Some information from Larry Shaw: The Ashmont-Mattapan “High Speed” Line or also known as
the M-Line in Boston and Milton MA is considered to be part of the MBTA's Red
Line, even though it uses different equipment (vintage streetcars) and passengers have
to change at Ashmont. It is the only MBTA line to run through a cemetery. The line
opened on August 26, 1929. The term 'high speed line' is vestigial, as the route
is neither characterized by a fully dedicated, grade separated right-of-way,
nor by high-speed rolling stock.
The Ashmont-Mattapan Line follows
the original right-of-way of the passenger and freight steam railway line that opened in
December 1847 as the Dorchester and Milton Branch Railroad. That line later became part
of the Old Colony Railroad and then the New York, New Haven and Hartford Railroad after
1893. The steam-powered trains were discontinued in 1927 and the line was closed for
two years while it was being modified for streetcar service. There was a debate at
that time whether or not to continue the same subway trains from Boston to Ashmont
and on to Mattapan without a need for passengers to switch to streetcars at Ashmont.
Apparently, the added cost of full-scale subway service along the remainder of the
route was considered to be too high. The right-of-way is owned by the MBTA and
has only two at-grade crossings on its 2.6-mile route.
All of the following pictures are courtesy John V. Engleman, the best
and most knowledgeable transit fan I know!
Rear end shot of 3087. Trolley catchers on all Boston
PCCs were mounted above the rear windows to prevent riders and pole-snatchings.
This began with the original car, 3001, a St. Louis car from the original Brooklyn PCC order.
Two cars on the ready track at Mattapan prior to evening rush hour.
At peak times a maximum of six cars may be on the line, providing about 4 minute service. Sundays only see two cars.
Car 3087 in the "shop". This car is reported to be the best of the bunch.
Arriving at the new Ashmont Station. This station is a very poor replacement
for the old covered station.
All these photos of the cars were taken before the new air conditioning units were added to the roof.
The Red Line subway cars can be seen on the tracks below.
Car 3087, the oldest of the bunch. Built almost, if not, alongside 7407 at the Pullman plant in Worcester, Mass. in 1944.
This is where the cars are maintained at Mattapan for everything except major repairs. Open
ended building with a pit. No heat, no A.C., no doors. Having
worked on the Baltimore LRV's, it's no wonder only half the cars are in service :-) - Todd.
Car 3230, the last to get rebuilt and the only one not to have wings. Only about
half the cars are serviceable at any one time, it seems. This one had not yet entered
service when this picture was taken as it was not finished.
Car #3263 at the Mattapan Station.
Interior shot facing forward.
Interior of Mattapan-Ashmont PCC. very reminiscent of 7407 as they were
built at the same plant within months of each other, with car 3087 possibly
at the same time.
These cars never run with both banks of lights on. I had to turn the
right side lights on for the picture.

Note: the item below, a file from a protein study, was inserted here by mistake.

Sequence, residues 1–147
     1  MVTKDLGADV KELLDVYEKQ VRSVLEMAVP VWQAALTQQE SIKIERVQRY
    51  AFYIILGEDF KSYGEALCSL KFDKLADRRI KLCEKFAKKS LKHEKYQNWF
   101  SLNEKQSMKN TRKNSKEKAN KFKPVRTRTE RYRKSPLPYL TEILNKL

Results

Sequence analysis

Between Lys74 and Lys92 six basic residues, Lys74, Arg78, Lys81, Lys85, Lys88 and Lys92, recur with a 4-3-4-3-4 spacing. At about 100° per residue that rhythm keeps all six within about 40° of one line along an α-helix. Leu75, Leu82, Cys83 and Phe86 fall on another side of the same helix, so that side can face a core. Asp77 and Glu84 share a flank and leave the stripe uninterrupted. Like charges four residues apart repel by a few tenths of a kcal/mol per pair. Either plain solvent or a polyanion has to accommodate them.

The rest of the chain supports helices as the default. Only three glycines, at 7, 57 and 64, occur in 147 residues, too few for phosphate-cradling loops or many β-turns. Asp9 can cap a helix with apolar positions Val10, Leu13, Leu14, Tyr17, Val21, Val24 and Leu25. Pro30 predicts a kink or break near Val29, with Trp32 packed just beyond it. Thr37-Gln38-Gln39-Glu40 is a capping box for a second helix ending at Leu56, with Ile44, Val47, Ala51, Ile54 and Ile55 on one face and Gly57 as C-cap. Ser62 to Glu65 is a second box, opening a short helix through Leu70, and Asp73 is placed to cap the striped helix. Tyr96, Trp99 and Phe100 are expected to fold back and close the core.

The operator was okay with it but the starter in the shack ahead of the car went nuts.
I love trains, and I love signals. I am not an expert. My webpages reflect what I find on the topic of the page. This is something I have fun with while
trying to help others.
Please Note: Since the main focus of my two websites is railroad signals, the railfan guides are oriented towards the signal fan being able to locate them.
For those of you into the modeling aspect of our hobby, my
indexa page has a list of almost everything railroad oriented
I can think of to provide you with at least a few pictures to help you detail your pike.
If this is a railfan page, every effort has been made to make sure that the information contained on this map and in this railfan guide is correct. Once in a while,
an error may creep in :-)
My philosophy: Pictures and maps are worth a thousand words, especially for railfanning. Text descriptions only get you so far, especially if you get lost or
disoriented. Take along good maps.... a GPS is OK to get somewhere, but maps are still better if you get lost! I belong to AAA, which allows you to get
local maps for free when you visit the local branches. ADC puts out a nice series of county maps for the Washington DC area, but their state maps do not have the
railroads on them. If you can find em, I like the National Geographic map book of the U.S..... good, clear, and concise graphics, and they do a really good job
of showing you where tourist type attractions are, although they too lack the railroads. Other notes about specific areas will show up on that page if known.
Aerial shots were taken from either Google or Bing Maps as noted. Screen captures are made
with Snagit, a Techsmith product... a great tool if you have never used it!
By the way, floobydust is a term I picked up 30-40 years ago from a National Semiconductor data book, and means miscellaneous
and/or other stuff.
Pictures and additional information is always needed if anyone feels inclined to take 'em, send 'em, and share 'em, or if you have something to add or correct.... credit
is always given! Please be NICE!!! Contact info is here
Beware: If used as a source, ANYTHING from Wikipedia must be treated as being possibly being inaccurate, wrong, or not true.